E3 2013 Preview: Mickey Mouse: Castle of Illusion and its Laborious Nostalgia
Why are all the “kids” games the toughest and most infuriating? Seriously, first Duck Tales and now Mickey Mouse: Castle of Illusion. I digress however: much like Capcom’s recently-announced Duck Tales revival, Sega’s remake of Mickey Mouse: Castle of Illusion comes with all the charm and difficulty that I would expect from a 1990’s platformer. Even in lieu of some issues I had with the game’s controls, it was one of the few surprises I experienced at this year’s E3.
Castle of Illusion was originally developed by Sega and released for the 16-bit Sega Genesis in 1990. The story follows Mickey Mouse on a journey to rescue Minnie Mouse, who has been kidnapped by an evil sorceress by the name of Mizrabel. Mickey must venture to a variety of worlds and collect gems from each world so that he can build a rainbow bridge to the castle-tower in which the damsel-in-distress is being held. I had a conversation with one of the game’s developers both on and off-camera, in which he described how painstaking the selection process was before they ultimately settled on Castle of Illusion – the developers even slogged through the original game to get a handle for it. I cannot say that my experience was any different.
I only played through a couple of stages in the demonstration, many deaths were had – though I noticed that I resisted my natural urge to rage-quit after the first 10 or so, because while the game is a severe challenge, it is rewarding when the puzzles and platforms are solved correctly. Unlike Duck Tales which is strictly conforming to its 2D counterpart, Castle of Illusion is remaking its stages in the 2D, 2.5D, and 3D variety. A lofty goal which seemed to mostly pay off in the demo I played. This particular design not only added to the overall liveliness of the worlds, but helped to make them more challenging as well.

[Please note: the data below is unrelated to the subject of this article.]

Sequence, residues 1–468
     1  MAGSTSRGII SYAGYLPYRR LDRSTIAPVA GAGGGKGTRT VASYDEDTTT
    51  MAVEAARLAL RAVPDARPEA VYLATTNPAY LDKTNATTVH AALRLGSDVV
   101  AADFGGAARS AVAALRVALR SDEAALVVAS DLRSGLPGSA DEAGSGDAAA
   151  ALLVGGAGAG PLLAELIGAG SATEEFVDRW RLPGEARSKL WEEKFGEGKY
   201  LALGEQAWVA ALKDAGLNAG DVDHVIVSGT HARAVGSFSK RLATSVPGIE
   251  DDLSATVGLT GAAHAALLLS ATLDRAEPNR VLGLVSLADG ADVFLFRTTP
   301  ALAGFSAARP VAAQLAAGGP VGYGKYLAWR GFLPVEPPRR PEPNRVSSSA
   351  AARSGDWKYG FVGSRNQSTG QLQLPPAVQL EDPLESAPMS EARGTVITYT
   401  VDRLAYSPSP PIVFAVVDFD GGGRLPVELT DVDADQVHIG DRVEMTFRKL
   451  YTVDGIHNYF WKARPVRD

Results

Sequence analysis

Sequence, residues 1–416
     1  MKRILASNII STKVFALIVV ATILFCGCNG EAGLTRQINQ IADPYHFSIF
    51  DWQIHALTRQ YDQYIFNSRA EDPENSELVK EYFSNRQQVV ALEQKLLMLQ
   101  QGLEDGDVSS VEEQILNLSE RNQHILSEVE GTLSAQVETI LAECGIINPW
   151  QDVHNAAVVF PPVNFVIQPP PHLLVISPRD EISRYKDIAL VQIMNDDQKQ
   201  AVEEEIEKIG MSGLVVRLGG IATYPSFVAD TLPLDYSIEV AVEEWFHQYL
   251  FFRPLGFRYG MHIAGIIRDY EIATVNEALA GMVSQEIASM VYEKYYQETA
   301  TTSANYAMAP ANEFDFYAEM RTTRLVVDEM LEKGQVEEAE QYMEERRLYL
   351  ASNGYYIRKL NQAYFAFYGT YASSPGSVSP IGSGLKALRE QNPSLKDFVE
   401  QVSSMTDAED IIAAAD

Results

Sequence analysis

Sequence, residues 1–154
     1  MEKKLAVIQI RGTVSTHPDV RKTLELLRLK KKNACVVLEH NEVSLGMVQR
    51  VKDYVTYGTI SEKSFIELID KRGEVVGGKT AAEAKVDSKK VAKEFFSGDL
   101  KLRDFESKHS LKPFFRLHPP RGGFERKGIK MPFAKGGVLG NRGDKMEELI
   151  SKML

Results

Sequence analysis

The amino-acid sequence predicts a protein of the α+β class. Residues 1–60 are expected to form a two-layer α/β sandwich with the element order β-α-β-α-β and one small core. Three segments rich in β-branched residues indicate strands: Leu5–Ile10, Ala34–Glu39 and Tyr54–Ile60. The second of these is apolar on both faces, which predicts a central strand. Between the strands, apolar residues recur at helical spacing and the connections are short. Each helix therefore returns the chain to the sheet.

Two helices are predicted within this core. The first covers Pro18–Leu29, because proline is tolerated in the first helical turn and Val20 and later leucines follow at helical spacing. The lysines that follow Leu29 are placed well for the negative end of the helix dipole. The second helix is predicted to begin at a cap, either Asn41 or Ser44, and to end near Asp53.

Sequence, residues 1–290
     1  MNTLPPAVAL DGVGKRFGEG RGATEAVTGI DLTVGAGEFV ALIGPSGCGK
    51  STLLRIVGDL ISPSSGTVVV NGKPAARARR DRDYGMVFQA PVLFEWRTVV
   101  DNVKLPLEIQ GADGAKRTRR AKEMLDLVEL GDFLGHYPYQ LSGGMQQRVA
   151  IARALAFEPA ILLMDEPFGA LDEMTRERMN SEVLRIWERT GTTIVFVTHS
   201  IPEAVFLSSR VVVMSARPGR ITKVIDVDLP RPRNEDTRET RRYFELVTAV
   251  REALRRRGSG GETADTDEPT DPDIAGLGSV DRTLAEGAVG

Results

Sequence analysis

The controls were one aspect of the game that proved to be a nuisance, primarily when it came to jumping and landing on platforms. Like any classic platform game, going all the way back to Super Mario Bros., negotiating and timing your jumps is key. It was simply way too easy to slide off the edge and die, land too close or too far from an enemy I was trying to smash, and more. I could not tell if it was the way the controller was calibrated with the game or if it was simply hardwired that way, but the jumps were way too loose, and I was constantly fighting the directonal-pad to land Mickey where he needed to be. This was a glaring problem in a game where the design is predicated on enemies that are plentiful and platforms that are narrow. I spent as much time negotiating and renegotiating jumps as I did when I was defeated by an enemy – more often than not, that was due to the problems I am describing now. The game is a lot more treacherous than it looks.
Minor shortcomings aside, Mickey Mouse: Castle of Illusion failed to disappoint, even though as my demonstration was brief compared to others. The voice-acting and the graphics are all on point for what you would expect in a remake of a Mickey Mouse game from the 1990s. Hopefully the issues I had with the controls were limited to that one demonstration and my own experience. If they are not however, then it is surely something that needs to be addressed prior to the game’s release. Castle of Illusion represents a page in the nostalgia book for most, a brand-new adventure with Mickey Mouse for those who never originally experienced it, and a potentially memorable experience for all.